Sign #3: Your Audience is Mismatched
This is another common issue. Take those search terms you came up with at the start and think a little deeper. Who is searching for those terms? What is the audience you're likely to attract?
Pay attention here. I said the audience you're likely to attract, not the audience you want to attract. There's an important difference there. You might want to write an article for advanced users of a product, but you're addressing a question only novices have because advanced users have already discovered the answer. You then create content best suited for people who have deep knowledge of the product, but only beginners show up to read it. As such, most of its value flies over their heads, the post doesn't perform well, and you're left wondering why.
For example, I write tips to help bloggers and marketers. Running a website and coding are both closely related, but if my topic is skewed towards programmers, I'm going to attract more programmers than marketers - even if that wasn't originally my intention.
It's not like Google Analytics can tell you the skill level of your visitors.
Thus, you need to think about the characteristics of the audience who will be searching for your topic. Are they attached to small businesses or large businesses? Are they B2B or B2C visitors? Is there a way they might misinterpret a phrase and land on the wrong page?
A mismatch can be anything from the assumed skill level of the users to their age to their demographics and more. Even the framing of content (e.g. "How To Solve X Problem" versus "Addressing the Problem with X") can be important.
Sign #4: Your Content is Time-Sensitive
With content marketing, the average word count for a good blog post is around 1,500-2,000 words. Real deep pillar, flagship, or 10x content can be 4,000, 5,000, or even longer. That kind of content is very good. It brings in returning visitors for years to come, and it positions the author as a thought leader in the space. You know, as long as the content is good.
Then you look at sites like HuffPo, Inc, Forbes, or what have you. Have you ever counted the words on their posts? Often times they're under 1,000 words. Why do they rank so well despite having shorter content? Why do we recommend longer posts when sites can produce nothing but short posts and dominate their industries?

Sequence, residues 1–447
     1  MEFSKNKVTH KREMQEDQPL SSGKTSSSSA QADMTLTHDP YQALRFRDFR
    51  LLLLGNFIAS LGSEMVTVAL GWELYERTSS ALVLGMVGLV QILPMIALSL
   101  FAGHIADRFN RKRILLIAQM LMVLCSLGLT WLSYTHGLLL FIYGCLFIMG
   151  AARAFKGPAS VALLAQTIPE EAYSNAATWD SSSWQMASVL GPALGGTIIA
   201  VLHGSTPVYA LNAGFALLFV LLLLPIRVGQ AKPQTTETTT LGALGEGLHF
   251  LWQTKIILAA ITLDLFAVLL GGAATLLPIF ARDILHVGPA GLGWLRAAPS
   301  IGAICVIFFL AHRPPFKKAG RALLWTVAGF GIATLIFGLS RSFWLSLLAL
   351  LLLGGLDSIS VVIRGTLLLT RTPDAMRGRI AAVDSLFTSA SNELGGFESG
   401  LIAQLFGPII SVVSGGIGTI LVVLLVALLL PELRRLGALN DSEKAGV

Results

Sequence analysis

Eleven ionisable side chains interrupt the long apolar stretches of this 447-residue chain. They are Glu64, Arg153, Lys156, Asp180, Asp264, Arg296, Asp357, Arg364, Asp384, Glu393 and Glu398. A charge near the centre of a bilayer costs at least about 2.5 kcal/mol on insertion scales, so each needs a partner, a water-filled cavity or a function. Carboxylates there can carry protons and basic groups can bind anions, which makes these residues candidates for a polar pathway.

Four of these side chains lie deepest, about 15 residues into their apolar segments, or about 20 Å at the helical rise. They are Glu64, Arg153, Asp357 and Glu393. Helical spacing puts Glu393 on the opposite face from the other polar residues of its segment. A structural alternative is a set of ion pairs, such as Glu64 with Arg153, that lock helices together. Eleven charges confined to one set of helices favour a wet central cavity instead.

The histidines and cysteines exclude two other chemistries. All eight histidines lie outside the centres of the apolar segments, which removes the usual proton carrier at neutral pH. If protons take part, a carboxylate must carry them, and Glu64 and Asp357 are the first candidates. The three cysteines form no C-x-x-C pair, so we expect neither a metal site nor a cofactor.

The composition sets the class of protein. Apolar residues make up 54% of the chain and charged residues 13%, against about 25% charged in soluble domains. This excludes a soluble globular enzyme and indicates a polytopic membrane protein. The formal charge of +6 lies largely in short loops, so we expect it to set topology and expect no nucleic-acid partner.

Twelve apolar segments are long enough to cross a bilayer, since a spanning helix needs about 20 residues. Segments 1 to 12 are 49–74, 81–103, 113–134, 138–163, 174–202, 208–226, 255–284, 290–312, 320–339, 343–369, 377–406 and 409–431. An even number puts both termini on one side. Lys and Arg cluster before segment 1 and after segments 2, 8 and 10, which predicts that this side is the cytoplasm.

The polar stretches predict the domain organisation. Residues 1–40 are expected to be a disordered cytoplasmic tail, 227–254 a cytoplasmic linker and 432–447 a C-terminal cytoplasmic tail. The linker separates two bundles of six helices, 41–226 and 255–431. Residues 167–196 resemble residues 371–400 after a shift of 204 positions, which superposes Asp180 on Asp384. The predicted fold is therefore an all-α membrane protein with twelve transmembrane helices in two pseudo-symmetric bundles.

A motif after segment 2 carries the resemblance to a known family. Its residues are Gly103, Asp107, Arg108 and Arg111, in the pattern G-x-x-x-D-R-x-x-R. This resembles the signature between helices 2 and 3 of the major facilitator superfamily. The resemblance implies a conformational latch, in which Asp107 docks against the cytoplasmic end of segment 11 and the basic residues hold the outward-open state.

There are a few reasons here, but one of the big ones is the nature of news and time-sensitive content.
We create blog content that converts - not just for ourselves, but for our clients, too.
We pick blog topics like hedge funds pick stocks. Then, we create articles that are 10x better to earn the top spot.
Content marketing has two ingredients - content and marketing. We've earned our black belts in both.
A business blog should rarely try to cover the news in their industry. There are a million sites already doing so, and most of those sites have reporters on-site with developers, getting cutting-edge news delivered directly to them, or otherwise exploiting connections.
More importantly, sites like Forbes publish dozens or hundreds (if not thousands) of pieces of content every single day. They're huge through volume and reputation, not through individual pieces of content.
If you could publish that volume of content, you'd dominate the results too. That's how HuffPost went from nothing to a big name; they were publishing a new post every single minute for months to establish a powerful market presence.
But here's the thing; very little of that content matters a week later. How many times do you click on a news post published on Forbes from 2018, or 2016, or 2012? How often do you click on posts with publication dates like that from blogs like Ahrefs, ProBlogger, or Backlinko? Are you ever tempted to read up on the iPhone 4 release notes from 2010?
When volume isn't accessible – and for everyone reading this, it's not – quality has to carry the day. That means you can't write about topics that are only relevant for a few days or a few weeks, you need to write evergreen content.
Sign #5: Your Topic is Too Granular
This is the opposite of the too-broad issue, and it's still just as much of an issue. Sometimes we as content marketers get lost in the details. We know long-tail keywords are good, so we try to come up with quite narrow topics.
Once upon a time, I wrote a 2,000-word article on a yes/no question.
Oh, sure, I packed that post full of value and other talking points. I talked about the reasoning behind the problem. I talked about possible solutions to the problem if they were ever implemented. I discussed alternatives to accomplish the task until the problem was solved. It wasn't 2,000 words of fluff. It was, however, a question that could be answered with a single word, perhaps a paragraph if you wanted more context.
That post performed well, but that's because I put a lot of effort into it. Most people don't. There's a certain level of effort to reward where diminishing returns mean it just isn't worth doing. We wrote a blog post on this recently.
When your topic is too narrow, too granular, or otherwise too laser-focused on a single question or point, your prospective audience grows too small for it to be worthwhile. The only reason my yes/no post worked is that it was a topic with some real interest in it. It was one of those "this doesn't exist and it's baffling why not" scenarios. If the topic doesn't have any people searching for it, then we can't reasonably assume people will land on it from search engines.